Strange Christianity, whose most pressing anxiety seems to be that God's grace might prove to be all to free on this side. That hell, instead of being populated with  many people, might some day prove to be empty! ...
Even in the midst of hell, grace would still be grace, and even in the midst of hell it would have to be honored and praised and therefore announced to the other inhabitants of hell...
We must reckon with the fact that [grace] can always be at work outside the walls of the Church and can be announced even by quite other tongues than those which have been given to us. Its being so free brings fresh air again and again into the Church. We need this fresh air, and we should not try to shut it out with the holy games of our churchly speaking and behavior...
We ought not to act as if we knew this or that, even in an elementary way, when we are only guessing. That God's grace is free grace will be impossible for us to overlook at this point,.... But this much is sure: it is also here, and precisely here it is grace. We know just one thing: that Jesus Christ is the same also in eternity, and that His grace is whole and complete, enduring through time into eternity, into the new world of God which will exist and be recognized in a totally different way, that it is unconditional and hence is certainly tied to no purgatories, tutoring sessions, or reformatories in the hereafter...
One cannot deal with the free grace of God the way one can deal with a principle. The heralds of free grace cannot advertise themselves as, or behave like, purveyors of a principle. In fact they must deny the "human self-assurance" which seeks to "put the lord's word and work to the service of any arbitrarily chosen wishes, goals and plans”. The message of free grace has never remained pure, has always been perverted into its opposite when it has been put into some sort of service or framework which is foreign to it, whether worldly or spiritual, philosophical or theological, ...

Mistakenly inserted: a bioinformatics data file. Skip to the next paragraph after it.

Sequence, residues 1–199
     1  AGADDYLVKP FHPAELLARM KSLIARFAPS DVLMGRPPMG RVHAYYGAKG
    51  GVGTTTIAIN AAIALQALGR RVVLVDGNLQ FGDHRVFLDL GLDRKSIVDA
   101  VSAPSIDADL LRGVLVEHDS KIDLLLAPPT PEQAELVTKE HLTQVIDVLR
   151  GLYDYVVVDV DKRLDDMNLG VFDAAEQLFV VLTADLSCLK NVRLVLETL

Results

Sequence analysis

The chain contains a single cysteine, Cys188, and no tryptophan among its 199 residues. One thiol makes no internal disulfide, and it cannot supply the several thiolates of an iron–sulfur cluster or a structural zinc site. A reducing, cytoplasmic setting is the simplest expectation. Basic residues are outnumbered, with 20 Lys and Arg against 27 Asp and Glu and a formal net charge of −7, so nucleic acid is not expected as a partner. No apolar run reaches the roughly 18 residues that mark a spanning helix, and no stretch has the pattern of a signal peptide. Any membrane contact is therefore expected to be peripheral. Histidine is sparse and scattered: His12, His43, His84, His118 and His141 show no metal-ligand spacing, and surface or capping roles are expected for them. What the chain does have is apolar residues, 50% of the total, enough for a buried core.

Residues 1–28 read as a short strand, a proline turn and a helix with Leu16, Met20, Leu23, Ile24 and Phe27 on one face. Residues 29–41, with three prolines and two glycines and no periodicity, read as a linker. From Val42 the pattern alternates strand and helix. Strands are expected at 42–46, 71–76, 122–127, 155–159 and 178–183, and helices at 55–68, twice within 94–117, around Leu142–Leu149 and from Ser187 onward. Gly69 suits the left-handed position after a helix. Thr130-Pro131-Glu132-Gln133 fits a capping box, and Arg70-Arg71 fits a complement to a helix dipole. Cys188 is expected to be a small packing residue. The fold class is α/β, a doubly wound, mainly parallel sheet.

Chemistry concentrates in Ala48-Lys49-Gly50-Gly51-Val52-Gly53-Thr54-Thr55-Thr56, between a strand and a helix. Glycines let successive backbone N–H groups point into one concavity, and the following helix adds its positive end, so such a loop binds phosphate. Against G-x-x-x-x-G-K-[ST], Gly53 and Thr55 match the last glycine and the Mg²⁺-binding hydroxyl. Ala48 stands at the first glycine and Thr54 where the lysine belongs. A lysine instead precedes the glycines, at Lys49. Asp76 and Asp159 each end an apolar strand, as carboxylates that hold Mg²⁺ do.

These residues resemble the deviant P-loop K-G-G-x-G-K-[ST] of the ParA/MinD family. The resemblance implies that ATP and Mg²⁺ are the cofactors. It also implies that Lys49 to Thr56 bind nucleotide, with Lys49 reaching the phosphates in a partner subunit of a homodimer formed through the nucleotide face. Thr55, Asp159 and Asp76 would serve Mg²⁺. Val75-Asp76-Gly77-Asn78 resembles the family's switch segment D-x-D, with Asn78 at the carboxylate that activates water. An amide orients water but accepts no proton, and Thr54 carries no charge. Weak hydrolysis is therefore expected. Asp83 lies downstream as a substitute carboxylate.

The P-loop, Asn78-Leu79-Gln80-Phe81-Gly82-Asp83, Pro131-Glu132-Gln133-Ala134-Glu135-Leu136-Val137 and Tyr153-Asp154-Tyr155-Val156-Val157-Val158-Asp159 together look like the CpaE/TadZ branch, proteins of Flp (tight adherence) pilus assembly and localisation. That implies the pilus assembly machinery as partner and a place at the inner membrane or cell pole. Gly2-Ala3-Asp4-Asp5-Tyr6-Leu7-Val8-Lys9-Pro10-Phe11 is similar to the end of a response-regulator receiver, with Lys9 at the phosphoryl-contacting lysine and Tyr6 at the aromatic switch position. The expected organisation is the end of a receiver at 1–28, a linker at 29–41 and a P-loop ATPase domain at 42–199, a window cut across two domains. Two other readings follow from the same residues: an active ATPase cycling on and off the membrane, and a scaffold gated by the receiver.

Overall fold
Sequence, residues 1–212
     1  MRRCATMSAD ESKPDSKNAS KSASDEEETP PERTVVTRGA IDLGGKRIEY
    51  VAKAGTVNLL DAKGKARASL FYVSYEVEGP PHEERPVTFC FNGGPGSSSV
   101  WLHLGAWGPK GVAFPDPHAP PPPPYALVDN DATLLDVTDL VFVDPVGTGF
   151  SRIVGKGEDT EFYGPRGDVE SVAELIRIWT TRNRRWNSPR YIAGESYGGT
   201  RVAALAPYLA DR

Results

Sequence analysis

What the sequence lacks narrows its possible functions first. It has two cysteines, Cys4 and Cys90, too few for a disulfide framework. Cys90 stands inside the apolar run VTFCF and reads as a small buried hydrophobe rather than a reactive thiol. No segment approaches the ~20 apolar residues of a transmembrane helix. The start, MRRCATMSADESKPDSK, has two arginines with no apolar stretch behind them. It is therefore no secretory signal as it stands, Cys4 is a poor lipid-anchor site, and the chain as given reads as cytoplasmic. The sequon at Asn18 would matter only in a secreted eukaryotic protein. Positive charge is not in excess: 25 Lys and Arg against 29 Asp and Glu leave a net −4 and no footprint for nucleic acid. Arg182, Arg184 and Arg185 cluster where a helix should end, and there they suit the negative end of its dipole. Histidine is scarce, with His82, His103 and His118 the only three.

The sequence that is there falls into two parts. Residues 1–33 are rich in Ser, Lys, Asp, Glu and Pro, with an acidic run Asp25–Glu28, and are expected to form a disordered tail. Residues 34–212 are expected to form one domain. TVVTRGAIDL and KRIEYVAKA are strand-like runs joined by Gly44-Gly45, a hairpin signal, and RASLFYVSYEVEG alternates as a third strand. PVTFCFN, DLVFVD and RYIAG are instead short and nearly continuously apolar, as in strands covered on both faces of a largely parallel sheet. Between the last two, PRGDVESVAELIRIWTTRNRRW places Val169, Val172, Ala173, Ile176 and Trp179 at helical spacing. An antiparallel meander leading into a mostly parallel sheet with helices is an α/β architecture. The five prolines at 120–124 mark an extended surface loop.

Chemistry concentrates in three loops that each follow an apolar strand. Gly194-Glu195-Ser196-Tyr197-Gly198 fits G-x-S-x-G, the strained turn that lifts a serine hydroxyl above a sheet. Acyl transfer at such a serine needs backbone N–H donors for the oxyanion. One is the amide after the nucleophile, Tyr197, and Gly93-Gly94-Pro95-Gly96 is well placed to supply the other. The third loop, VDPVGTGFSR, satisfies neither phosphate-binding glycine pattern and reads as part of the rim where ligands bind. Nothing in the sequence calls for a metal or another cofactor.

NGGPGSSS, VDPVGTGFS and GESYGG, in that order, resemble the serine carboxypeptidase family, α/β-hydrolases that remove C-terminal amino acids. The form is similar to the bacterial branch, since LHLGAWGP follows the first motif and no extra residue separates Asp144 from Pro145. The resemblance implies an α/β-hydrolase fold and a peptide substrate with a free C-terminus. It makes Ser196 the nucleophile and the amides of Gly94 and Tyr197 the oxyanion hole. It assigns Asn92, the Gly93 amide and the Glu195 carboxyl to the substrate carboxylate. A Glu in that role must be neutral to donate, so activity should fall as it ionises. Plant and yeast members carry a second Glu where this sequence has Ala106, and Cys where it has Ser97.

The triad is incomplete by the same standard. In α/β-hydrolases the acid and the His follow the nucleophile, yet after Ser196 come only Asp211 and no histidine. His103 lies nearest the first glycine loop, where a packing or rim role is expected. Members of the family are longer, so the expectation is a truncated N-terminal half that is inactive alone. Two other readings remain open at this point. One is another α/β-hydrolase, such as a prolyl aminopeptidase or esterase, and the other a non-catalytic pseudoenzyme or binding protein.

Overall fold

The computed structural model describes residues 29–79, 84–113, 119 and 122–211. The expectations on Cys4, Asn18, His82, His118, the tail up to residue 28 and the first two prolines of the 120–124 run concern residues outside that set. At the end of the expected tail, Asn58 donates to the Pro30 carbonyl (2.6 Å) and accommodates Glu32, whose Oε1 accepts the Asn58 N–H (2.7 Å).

If the Church does not love the message of free grace (if it stands apart from people with too many scruples, if it meets them with too many reproaches), if it is afraid of that message and is too pious and moralistic for people - what is the Church then? Nothing, nothing at all!
I can see why we evangelicals are supposed to hate Barth; he completely undermines our dualistic, us vs them mentality. He says things like; "Jesus Christ is the same today, tomorrow and forever", where's that in the bible! (insert sarcasm emoticon here). And worse than that he agrees with such obvious heretics as CS Lewis.

Seriously though, what an incredible freedom and relief of pressure, to have the ability to say "I don't know". That even if a loved one died without "knowing Christ" that you do know that God's grace is forever. That there may be validity to someone else's point of view. That we don't have to have all the answers. That God loves everyone, no matter what, or when. Maybe then we evangelicals could relax, and just love people for who they are. Now that would be good news!

I hope Karl is right.

Wednesday, 7 March 2012

An empty cup of tea

Th Master Nan-in had a visitor who came to inquire about Zen, but instead of listening the visitor kept talking about his own ideas. After awhile Nan-in served tea. He poured tea into his visitors cup until it was full. Then he kept pouring. Finally the visitor could not restrain himself, "Don't you see it's full?"he said. "You can't get anymore in." "Just so", replied Nan-in, stopping at last. "And like this cup you are filled with your own ideas. How can you expect me to give you Zen unless you offer an empty cup?"